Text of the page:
<![if !supportLists]>1.9. <![endif]>Sissinghurst is a small close-knit village with the Milk House Pub and local convenience shop at its heart. It also has a primary school, a community hall, a children’s nursery, a takeaway outlet, and several playing fields, and has one bus service. The internationally renowned Sissinghurst Castle and Gardens lies just to the north east of the village and is a major draw for tourists. Hartley is largely a residential linear hamlet, historically grown because of a railway station (now closed). A small number of facilities include a café and farm shop, fishmonger, and children’s nursery.
<![if !supportLists]>1.10. <![endif]>Colliers Green is a small, dispersed hamlet with a primary school at its centre. Other small hamlets in the parish include Golford, Flishinghurst and Swattenden. Over the past 30 years or so, the diversification of agriculture locally has been an economic necessity and has led to several new business ventures grow up around farmsteads, including food processing and farm shop retail, plus other related service, and leisure activities.
<![if !supportLists]>1.11. <![endif]>This is the Regulation 14 pre-submission consultation draft of the neighbourhood plan. Cranbrook and Sissinghurst Parish Council wants to know the views of the people who live, work, or carry on business in the parish. The statutory pre-submission consultation period runs for eight weeks from midday on Friday 16th October 2020 until midday on Friday 11th December 2020, inclusive.
<![if !supportLists]>1.12. <![endif]>Under normal circumstances a series of face-to-face drop-in events would have been held across the parish at various locations for residents to see details of the draft Plan and find out how to comment. Due to the ongoing coronavirus crisis such events are now not mandatory. Instead, the Parish Council have publicised the draft plan consultation through a special edition of the Parish Cake magazine, which was sent to every household in the Parish in September 2020.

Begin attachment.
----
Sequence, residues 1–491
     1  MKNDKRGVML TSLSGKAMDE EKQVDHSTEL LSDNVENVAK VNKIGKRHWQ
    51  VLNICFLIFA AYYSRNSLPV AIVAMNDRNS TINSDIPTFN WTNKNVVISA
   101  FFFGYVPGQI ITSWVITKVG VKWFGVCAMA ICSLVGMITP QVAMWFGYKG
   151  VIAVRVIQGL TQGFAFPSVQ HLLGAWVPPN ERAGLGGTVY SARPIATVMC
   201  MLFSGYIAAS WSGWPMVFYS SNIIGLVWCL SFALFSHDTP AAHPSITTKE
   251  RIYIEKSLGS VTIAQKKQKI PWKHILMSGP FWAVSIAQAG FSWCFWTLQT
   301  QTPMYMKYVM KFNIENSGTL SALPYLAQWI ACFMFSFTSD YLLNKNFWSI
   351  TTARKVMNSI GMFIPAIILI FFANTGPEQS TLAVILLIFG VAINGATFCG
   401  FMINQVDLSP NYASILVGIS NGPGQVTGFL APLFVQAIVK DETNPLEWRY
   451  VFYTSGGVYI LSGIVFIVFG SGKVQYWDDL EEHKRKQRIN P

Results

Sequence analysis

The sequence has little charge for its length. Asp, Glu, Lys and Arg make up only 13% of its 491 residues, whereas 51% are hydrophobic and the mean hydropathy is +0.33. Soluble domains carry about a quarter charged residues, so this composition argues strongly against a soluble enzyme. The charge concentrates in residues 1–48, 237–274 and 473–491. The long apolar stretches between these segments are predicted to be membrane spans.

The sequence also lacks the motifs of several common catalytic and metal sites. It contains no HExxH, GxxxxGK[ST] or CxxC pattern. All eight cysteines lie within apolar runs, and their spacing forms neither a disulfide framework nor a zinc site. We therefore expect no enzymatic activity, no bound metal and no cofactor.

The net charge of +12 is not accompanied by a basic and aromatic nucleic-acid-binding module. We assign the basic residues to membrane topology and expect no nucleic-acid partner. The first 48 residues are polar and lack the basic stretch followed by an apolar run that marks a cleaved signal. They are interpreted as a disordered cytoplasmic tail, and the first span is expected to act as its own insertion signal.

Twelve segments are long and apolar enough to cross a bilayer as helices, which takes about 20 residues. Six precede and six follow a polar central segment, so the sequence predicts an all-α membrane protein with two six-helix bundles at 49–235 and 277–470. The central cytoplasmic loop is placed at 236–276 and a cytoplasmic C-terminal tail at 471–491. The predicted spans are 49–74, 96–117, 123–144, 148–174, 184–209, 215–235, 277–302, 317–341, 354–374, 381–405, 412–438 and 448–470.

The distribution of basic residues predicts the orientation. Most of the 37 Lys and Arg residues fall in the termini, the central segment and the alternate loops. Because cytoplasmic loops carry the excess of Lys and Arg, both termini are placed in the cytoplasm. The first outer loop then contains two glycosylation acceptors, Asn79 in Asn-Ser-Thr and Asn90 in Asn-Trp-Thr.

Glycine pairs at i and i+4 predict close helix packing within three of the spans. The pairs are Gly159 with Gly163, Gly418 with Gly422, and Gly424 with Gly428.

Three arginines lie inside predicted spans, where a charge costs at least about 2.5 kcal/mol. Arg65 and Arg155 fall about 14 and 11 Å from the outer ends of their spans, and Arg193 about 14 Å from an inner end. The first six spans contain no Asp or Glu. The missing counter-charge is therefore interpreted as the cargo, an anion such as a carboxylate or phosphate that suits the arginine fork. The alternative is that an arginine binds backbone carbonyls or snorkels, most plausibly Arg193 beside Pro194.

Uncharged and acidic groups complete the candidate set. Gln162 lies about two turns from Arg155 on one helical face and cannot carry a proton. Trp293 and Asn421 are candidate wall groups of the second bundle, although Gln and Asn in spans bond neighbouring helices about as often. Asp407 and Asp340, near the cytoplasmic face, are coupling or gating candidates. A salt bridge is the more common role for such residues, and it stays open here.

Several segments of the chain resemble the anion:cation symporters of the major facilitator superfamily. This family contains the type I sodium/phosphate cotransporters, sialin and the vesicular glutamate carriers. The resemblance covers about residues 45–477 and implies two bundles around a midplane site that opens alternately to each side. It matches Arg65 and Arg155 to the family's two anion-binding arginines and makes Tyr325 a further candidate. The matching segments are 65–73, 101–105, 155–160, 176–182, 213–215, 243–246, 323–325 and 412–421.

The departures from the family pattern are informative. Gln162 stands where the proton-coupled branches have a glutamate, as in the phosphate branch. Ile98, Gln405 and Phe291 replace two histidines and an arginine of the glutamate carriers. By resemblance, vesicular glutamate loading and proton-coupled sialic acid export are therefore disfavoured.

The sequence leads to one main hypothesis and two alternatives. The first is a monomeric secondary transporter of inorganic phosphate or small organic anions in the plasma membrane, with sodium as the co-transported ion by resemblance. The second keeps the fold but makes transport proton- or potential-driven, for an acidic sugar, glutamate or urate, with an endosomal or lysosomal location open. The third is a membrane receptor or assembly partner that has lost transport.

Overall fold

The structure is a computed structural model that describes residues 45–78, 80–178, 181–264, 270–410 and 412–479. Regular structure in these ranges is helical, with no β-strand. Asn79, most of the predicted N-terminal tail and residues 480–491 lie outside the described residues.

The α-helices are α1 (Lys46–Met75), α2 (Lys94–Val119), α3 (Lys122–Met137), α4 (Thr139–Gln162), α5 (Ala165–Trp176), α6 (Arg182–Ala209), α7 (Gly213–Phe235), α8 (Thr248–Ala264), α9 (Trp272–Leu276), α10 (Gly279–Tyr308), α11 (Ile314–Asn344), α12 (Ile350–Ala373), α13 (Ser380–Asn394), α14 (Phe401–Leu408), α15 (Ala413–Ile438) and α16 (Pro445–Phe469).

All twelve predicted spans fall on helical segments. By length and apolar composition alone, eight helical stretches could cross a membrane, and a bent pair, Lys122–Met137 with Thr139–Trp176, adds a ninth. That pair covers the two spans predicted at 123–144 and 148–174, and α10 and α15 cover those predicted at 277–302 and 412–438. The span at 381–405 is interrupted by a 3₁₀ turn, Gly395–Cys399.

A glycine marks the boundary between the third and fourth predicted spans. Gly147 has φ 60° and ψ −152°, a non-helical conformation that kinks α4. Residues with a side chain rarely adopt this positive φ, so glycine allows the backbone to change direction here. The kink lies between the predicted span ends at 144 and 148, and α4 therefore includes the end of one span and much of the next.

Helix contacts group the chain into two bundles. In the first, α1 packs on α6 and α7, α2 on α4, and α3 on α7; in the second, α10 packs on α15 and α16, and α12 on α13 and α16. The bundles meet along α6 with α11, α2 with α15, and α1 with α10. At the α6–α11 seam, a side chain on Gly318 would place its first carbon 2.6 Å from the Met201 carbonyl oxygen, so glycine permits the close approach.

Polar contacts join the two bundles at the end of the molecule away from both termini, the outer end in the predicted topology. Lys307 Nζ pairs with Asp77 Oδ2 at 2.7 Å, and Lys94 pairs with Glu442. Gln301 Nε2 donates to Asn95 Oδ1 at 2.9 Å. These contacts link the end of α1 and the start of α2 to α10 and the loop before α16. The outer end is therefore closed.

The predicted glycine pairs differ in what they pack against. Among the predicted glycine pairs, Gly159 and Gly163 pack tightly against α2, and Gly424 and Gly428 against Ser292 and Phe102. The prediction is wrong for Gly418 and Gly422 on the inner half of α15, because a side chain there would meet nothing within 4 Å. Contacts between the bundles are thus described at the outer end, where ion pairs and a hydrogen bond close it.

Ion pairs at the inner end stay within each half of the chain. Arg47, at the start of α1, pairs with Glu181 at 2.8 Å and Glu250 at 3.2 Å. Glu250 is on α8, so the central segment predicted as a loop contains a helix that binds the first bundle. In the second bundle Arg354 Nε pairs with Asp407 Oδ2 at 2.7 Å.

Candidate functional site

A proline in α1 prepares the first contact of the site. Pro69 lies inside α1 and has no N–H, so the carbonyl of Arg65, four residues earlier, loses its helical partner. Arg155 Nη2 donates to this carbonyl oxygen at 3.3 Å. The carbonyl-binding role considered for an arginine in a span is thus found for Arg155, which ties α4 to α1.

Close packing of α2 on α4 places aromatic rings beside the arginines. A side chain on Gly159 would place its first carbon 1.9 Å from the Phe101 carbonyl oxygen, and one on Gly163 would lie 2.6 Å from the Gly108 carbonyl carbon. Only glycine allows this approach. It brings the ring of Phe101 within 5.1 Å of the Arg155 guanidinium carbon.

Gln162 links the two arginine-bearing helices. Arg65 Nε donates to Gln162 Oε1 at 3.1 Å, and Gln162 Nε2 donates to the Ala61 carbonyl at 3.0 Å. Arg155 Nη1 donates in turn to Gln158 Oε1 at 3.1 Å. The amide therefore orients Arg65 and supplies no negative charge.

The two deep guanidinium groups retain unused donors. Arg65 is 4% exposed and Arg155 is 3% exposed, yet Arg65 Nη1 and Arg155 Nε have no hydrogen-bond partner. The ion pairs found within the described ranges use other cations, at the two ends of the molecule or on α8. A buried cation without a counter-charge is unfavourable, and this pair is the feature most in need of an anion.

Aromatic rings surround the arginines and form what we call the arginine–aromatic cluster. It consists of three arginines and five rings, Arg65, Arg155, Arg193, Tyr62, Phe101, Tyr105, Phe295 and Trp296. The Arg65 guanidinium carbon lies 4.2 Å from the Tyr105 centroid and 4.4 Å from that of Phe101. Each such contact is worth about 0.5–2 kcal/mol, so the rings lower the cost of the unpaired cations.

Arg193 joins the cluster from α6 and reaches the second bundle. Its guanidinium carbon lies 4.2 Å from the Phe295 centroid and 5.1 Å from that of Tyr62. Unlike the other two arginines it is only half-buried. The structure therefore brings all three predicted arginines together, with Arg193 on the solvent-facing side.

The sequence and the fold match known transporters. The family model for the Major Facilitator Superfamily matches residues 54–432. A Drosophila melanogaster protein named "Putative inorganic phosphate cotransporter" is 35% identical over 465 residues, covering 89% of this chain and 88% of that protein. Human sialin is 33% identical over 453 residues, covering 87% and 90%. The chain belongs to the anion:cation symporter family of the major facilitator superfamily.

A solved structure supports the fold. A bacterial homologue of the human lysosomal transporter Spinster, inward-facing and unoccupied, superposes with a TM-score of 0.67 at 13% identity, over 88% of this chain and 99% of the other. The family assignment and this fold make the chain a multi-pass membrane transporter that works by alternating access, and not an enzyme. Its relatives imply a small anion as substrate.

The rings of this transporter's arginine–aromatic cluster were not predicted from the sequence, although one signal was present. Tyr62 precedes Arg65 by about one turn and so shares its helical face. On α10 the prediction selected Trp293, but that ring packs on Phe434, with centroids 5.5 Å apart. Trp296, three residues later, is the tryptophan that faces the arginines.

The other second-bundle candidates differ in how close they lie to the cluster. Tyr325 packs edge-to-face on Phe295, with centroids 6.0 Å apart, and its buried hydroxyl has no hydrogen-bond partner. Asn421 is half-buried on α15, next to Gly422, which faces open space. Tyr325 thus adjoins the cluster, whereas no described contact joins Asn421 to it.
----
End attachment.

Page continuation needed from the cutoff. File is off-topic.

<![if !supportLists]>1.13. <![endif]>A full copy of the Draft Plan, an explanatory video and the response questionnaire is available on the NDP website:
<![if !supportLists]>1.14. <![endif]>Two online information sessions have been organised for Wednesday 4th November 2020 at 7.30pm and Wednesday 2nd December 2020 at 7.30pm. Details of how to book for these events are on the website.
<![if !supportLists]>1.15. <![endif]>Further “drop-in” virtual events via Zoom will be happening throughout the consultation period. Check the website for details.
<![if !supportLists]>1.16. <![endif]>For those without access to the internet, hard copies of the draft plan will be available for loan upon request, as well as paper copies of the comments form.
<![if !supportLists]>1.17. <![endif]>Please telephone 0300 770 2262 to leave your details, and someone will return your call.
<![if !supportLists]>1.18. <![endif]>This is your opportunity to comment on the Neighbourhood Plan. It is important that you say whether you like what is in it, or whether you would like to see changes.
<![if !supportLists]>1.19. <![endif]>Please send your answers, views, and opinions to the parish council before the end of the eight-week consultation period. We would welcome your comments.
Revisions to the draft plan
<![if !supportLists]>1.20. <![endif]>Once the Regulation 14 consultation period is closed, the parish council will gather all the comments received and produce an official Consultation Statement, listing all the views and opinions and how the plan is to be amended, if appropriate, as a result.
Submission to Tunbridge Wells Borough Council
<![if !supportLists]>1.21. <![endif]>The revised neighbourhood plan, together with the Consultation Statement, a statement of the Basic Conditions and an environmental statement (if required) will then be formally submitted to Tunbridge Wells Borough Council, the local planning authority.
<![if !supportLists]>1.22. <![endif]>The plan will then be published for a further six-week period of consultation, after which an independent planning inspector will be appointed to examine the plan in a series of public meetings. Should the independent planning inspector find the neighbourhood plan to be in conformity with the basic conditions, then it will go forward to be the subject of a referendum, to be voted upon by the residents of the parish.